How The New Economics Can Improve Employment Discrimination Law, And How Economics Can Survive The Demise Of The Rational Actor, Scott A. Moss, Peter H. Huang

Articles

Much employment discrimination law is premised on a purely money-focused "reasonable" employee, the sort who can be made whole with damages equal to lost wages, and who does not hesitate to challenge workplace discrimination. This type of "rational" actor populated older economic models but has been since modified by behavioral economics and research on happiness. Behavioral and traditional economists alike have analyzed broad employment policies, such as the wisdom of discrimination statutes, but the devil is in the details of employment law. On the critical damages-and-liability issues the Supreme Court and litigators face regularly, the law essentially ignores the lessons ...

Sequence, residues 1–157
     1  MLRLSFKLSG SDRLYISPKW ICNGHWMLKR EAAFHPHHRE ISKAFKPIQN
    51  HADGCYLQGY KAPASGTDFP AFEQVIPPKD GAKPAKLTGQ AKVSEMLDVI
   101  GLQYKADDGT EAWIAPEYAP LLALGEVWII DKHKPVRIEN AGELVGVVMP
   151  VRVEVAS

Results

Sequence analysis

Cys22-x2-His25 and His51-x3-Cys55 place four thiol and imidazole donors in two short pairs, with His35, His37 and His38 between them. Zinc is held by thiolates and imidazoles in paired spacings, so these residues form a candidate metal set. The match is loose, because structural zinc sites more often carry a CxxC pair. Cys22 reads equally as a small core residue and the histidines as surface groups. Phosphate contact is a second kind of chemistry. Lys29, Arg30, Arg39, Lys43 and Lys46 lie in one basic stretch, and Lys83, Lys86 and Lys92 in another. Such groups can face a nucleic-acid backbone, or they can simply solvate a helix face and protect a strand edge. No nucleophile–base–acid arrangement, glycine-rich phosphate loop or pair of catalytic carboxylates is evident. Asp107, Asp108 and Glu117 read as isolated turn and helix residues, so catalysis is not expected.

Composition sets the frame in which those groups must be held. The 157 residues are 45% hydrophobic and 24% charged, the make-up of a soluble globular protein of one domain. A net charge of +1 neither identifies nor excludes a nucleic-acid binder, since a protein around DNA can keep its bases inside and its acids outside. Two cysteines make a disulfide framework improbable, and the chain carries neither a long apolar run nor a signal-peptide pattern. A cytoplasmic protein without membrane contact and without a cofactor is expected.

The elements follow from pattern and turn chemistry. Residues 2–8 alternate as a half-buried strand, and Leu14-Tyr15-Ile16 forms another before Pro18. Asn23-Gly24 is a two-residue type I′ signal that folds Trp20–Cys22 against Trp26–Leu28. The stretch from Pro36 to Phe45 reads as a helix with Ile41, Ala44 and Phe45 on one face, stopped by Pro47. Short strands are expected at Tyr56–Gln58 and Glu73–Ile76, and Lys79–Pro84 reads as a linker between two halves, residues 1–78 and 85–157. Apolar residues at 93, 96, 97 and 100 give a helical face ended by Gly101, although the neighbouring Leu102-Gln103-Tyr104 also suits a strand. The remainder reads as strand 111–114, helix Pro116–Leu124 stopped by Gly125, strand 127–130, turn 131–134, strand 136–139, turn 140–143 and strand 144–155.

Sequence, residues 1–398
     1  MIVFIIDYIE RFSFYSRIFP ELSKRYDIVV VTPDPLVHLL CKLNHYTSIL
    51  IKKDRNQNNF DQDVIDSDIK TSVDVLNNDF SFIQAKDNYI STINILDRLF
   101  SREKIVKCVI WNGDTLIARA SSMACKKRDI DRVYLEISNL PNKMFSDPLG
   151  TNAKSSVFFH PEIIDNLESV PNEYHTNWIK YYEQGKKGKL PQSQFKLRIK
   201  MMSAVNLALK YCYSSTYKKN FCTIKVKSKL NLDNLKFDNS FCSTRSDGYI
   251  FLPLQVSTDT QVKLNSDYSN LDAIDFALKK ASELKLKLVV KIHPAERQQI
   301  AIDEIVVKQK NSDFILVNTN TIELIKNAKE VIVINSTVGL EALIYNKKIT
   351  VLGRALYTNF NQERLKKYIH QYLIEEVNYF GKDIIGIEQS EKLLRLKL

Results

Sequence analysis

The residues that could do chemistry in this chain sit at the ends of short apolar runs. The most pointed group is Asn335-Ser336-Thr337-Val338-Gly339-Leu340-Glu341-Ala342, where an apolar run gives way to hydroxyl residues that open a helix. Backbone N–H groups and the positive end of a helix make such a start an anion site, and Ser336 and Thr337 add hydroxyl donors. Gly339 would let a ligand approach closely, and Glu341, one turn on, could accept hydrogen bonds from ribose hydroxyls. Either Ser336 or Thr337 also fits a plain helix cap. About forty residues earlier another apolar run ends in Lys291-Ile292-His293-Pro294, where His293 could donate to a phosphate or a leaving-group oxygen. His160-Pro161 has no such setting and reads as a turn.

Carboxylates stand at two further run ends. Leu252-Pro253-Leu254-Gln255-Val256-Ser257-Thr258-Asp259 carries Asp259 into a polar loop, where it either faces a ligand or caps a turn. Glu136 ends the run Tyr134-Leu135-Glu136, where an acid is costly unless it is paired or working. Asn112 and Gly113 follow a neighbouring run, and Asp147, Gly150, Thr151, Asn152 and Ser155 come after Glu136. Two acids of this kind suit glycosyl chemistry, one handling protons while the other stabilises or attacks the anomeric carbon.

Happiness Research And Cost-Benefit Analysis, Matthew D. Adler, Eric Posner Jun 2008

Happiness Research And Cost-Benefit Analysis, Matthew D. Adler, Eric Posner

Faculty Scholarship at Penn Law

A growing body of research on happiness or subjective well-being shows, among other things, that people adapt to many injuries more rapidly than is commonly thought, fail to predict the degree of adaptation and hence overestimate the impact of those injuries on their well-being, and, similarly, enjoy small or moderate rather than significant changes in well-being in response to significant changes in income. Some researchers believe that these findings pose a challenge to cost-benefit analysis, and argue that project evaluation decision-procedures based on economic premises should be replaced with procedures that directly maximize subjective well-being. This view turns out to ...